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Birmingham

Growing appetite from lenders to finance commercial property deals according to Q1 2013 Bank of England data

Birmingham debt market constrained by lack good quality stock


Birmingham, 3 May April 2013 – Appetite from lenders to finance commercial property deals in Birmingham is increasing with the main high street banks as well as some more specialised lenders aiming to lend more this year than at any time in the current property cycle according to property agents Jones Lang LaSalle.

This trend, says Peter Clarke, head of Jones Lang LaSalle’s Valuation Advisory team in Birmingham, is supported by the recent Q1 2013 data published by the Bank of England.  According to its quarterly lending figures UK bank exposure to real estate (the proportion of lending to property as a percentage of total lending) remained stable in the first quarter at 8.2 per cent of all debt.


Commenting on the recent Q1 figures Peter Clarke said: “In spite of continued deleveraging by UK banks the recent data shows that commercial property lending has remained broadly flat as a result of growing appetite from lenders to finance prime real estate.”


Some lenders are taking advantage of the Funding for Lending scheme which allows banks to offer more favourable rates of interest, or reduce their arrangement fees thereby removing a major ‘hurdle’  to investment.  This scheme has been extended for a further 12 months, and according to Jones Lang LaSalle, may help further underpin the market recovery,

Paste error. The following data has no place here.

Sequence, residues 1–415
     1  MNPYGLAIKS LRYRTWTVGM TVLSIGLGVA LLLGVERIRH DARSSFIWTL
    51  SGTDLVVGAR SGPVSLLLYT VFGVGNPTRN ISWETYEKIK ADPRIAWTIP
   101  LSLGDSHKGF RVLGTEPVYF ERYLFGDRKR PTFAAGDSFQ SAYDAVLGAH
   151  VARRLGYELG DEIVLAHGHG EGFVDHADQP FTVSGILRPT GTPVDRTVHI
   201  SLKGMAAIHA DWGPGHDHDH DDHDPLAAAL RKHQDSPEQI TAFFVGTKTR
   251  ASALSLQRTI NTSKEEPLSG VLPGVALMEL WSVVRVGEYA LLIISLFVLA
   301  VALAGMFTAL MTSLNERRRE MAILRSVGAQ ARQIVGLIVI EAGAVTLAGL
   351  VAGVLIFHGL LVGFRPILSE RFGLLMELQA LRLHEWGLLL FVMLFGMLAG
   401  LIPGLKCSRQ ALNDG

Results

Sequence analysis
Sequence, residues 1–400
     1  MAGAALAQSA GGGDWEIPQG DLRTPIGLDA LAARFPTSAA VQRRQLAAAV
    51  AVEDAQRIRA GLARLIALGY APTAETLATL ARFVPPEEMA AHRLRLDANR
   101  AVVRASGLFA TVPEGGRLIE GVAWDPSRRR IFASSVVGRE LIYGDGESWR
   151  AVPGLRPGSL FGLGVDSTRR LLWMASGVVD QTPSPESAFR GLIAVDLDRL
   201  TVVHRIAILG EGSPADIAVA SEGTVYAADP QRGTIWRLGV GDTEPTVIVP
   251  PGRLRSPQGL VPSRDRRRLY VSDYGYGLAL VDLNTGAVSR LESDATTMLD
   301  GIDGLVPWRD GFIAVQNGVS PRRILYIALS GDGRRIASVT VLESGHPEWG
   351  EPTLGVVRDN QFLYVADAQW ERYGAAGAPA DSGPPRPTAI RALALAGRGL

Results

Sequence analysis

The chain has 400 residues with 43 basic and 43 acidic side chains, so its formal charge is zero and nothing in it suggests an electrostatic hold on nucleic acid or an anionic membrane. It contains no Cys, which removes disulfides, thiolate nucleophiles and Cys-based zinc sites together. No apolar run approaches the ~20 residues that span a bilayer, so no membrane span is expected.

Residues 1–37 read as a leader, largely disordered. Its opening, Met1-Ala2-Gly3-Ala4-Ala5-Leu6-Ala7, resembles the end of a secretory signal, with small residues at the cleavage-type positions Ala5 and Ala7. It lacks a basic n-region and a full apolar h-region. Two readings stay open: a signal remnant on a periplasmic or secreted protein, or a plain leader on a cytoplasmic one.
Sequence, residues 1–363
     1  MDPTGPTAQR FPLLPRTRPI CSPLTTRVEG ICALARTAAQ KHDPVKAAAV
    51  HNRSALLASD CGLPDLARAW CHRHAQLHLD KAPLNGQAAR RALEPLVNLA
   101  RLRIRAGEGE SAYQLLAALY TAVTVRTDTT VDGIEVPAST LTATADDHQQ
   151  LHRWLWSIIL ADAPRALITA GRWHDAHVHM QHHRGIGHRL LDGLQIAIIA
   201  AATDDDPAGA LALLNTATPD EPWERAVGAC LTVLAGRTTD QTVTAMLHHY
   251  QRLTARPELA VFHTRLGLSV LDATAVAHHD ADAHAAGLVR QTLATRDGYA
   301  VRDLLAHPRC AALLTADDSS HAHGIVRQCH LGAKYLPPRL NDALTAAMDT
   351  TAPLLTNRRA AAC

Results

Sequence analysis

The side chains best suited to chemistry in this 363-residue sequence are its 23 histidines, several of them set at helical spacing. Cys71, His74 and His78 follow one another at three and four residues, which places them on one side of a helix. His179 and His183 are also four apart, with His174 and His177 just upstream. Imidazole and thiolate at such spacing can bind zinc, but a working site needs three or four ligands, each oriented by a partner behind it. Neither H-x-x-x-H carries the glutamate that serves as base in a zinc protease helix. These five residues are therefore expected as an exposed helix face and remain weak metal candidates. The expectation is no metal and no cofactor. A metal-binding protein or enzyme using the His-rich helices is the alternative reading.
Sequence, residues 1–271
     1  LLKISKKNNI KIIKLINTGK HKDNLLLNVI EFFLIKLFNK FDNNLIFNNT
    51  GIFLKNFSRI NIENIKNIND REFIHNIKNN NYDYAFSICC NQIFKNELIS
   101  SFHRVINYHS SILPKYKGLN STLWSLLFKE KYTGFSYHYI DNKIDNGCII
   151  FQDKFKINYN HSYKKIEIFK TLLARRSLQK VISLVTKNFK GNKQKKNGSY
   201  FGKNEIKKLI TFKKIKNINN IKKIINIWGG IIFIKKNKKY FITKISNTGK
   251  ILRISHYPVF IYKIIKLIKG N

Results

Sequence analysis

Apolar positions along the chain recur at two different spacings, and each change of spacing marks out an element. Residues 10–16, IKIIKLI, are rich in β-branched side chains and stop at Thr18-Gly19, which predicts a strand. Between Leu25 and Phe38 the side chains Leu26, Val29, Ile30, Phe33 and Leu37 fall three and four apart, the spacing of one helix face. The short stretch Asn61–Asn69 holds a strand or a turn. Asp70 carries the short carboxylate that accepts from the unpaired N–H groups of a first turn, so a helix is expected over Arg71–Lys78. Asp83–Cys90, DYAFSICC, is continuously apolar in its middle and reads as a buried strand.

Peter continued: “The debt market continues to show signs of improvement, with an increasing number of lenders seeking to lend, albeit on a relatively narrow range of opportunities. It is however now being constrained by a lack of investment transactions, as opposed to earlier in the current cycle, when the opposite was true.

In Birmingham there have been a number of prime office asset sales where investor interest has been strong such as 1 Colmore Row and 84 Colmore Row which is currently being marketed by Jones Lang LaSalle.  However the market would undoubtedly benefit from a greater volume of commercial properties for sale: if there was more good quality stock this would give rise to more commercial property transactions and subsequently increase lending further. 

 
“What is perhaps holding back the debt market is the unwillingness from some owners to consider a sale unless they are forced; there is a perception that values will improve and a better return could potentially be realised.
Peter concluded: “Some secondary stock, which the majority of banks are unwilling to lend on, are also in demand by property investors albeit at discounted values.  This is a result of the weight of money seeking a home where an attractive annual return can be obtained.”​